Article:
Opening Union has been such a wonderfully challenging experience. During friends & family, myself and my two sous chefs decided we would set up the line and figure out where mise en place should go, as we were cooking for guests. Maybe not the best decision I have ever made, but I was free to make that decision. I was free to write the menu without “approval” from a boss; no burger required! We wanted the menu to be defined not by what was currently trending, but by the ingredients we were procuring from our purveyors, like Ben Hyman from Wild Local Seafood, and Nan Kohler from Grist & Toll, who actually opened her mill in Pasadena around the same time we opened Union.

I have a lot of chef friends, many of whom have visited me at Union, and the response is typically the same: “This food is unadulterated you!” I don’t claim to be the best chef in the world, or even in LA for that matter, but freedom has led me to cook and create some of the best food of my life. People can taste that passion.

The opportunity to partner with Marie Petulla was a definitive moment for me. She is one of the best people I know and having a partner that shares your philosophy is not only vital to the success of a restaurant, but vital for creating a cohesive team from the front to the back-of-house. There is no dividing wall between the two, like in a lot of restaurants. We always joke about how much we used to fight during the opening of Union, and say, “Hey, at least we were communicating!”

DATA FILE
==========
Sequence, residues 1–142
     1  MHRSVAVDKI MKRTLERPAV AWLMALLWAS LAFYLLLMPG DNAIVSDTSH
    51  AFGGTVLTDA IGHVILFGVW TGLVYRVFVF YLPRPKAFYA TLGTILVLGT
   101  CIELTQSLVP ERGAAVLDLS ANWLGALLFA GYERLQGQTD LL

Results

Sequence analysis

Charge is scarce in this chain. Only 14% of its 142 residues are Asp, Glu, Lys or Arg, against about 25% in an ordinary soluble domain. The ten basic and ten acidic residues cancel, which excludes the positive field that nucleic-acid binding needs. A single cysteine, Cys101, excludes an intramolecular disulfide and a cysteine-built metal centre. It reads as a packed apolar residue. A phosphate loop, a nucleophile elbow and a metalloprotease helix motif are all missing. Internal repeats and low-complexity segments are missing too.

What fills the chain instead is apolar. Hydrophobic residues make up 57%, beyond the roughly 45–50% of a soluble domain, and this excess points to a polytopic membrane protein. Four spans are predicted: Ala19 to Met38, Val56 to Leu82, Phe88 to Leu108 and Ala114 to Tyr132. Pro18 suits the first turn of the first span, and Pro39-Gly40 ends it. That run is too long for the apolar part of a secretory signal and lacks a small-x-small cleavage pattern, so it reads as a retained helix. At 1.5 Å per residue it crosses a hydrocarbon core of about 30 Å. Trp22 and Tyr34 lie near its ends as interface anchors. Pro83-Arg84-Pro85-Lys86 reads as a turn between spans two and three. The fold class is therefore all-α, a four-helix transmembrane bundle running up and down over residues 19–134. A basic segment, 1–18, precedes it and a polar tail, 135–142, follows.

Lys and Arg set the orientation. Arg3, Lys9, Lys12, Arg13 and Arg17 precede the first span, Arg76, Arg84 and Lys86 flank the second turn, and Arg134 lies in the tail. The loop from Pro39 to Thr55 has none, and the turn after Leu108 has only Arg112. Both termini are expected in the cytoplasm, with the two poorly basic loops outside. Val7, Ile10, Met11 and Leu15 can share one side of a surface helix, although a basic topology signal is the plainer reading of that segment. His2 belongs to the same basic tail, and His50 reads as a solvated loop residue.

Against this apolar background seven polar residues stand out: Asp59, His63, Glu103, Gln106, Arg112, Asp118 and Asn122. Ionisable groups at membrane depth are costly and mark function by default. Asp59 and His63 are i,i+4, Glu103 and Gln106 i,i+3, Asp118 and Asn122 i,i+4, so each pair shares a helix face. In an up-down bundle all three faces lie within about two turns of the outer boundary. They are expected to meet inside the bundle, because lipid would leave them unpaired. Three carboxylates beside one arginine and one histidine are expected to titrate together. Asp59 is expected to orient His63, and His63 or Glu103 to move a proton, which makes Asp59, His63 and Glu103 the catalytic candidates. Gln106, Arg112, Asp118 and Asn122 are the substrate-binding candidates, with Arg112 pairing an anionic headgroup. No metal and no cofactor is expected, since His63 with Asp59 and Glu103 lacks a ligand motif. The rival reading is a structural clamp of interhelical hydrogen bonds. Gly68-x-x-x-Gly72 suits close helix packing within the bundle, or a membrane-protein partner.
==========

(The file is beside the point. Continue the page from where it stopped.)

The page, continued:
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When people talk about how much they love the Union experience, we talk about what a big role our symbiotic relationship plays in our success. We taught our team hospitality first, service second which makes for an incredible feeling as soon as you walk through the door. I’m not saying that everything is hearts and rainbows all the time, as that would be a pipe dream! But when we have to be tough, they understand that it all comes from a great place, and that our vision and philosophy is rich and meaningful. They drink our “Kool-Aid,” which of course is local, natural, sustainable, and humanely raised!

If restaurant owners would just realize that they would benefit from allowing their chefs to do the job they were hired to do, their top lines would most likely increase, resulting in a bigger bottom line and a happier environment. Now more than ever I understand the stress and pressure that comes with owning a restaurant.

However, I also know that I can’t do it alone, so everyone’s voice needs to be heard. I do my best to teach the standard and expectations, and then try to step back and allow the team to do their best. It’s tough sometimes, but it’s the only way to build a solid foundation to grow a company. Marie and my shared commitment to operating this way has been an instrumental part of Union’s success, and something we are both excited to expand upon when we open the pasta bar at Grand Central Market this summer.

I’m not saying I haven’t learned a lot from the owners that I couldn’t deal with, in fact, without them I wouldn’t be the leader I am today. In the end, I just realized that I don’t like being told what to do!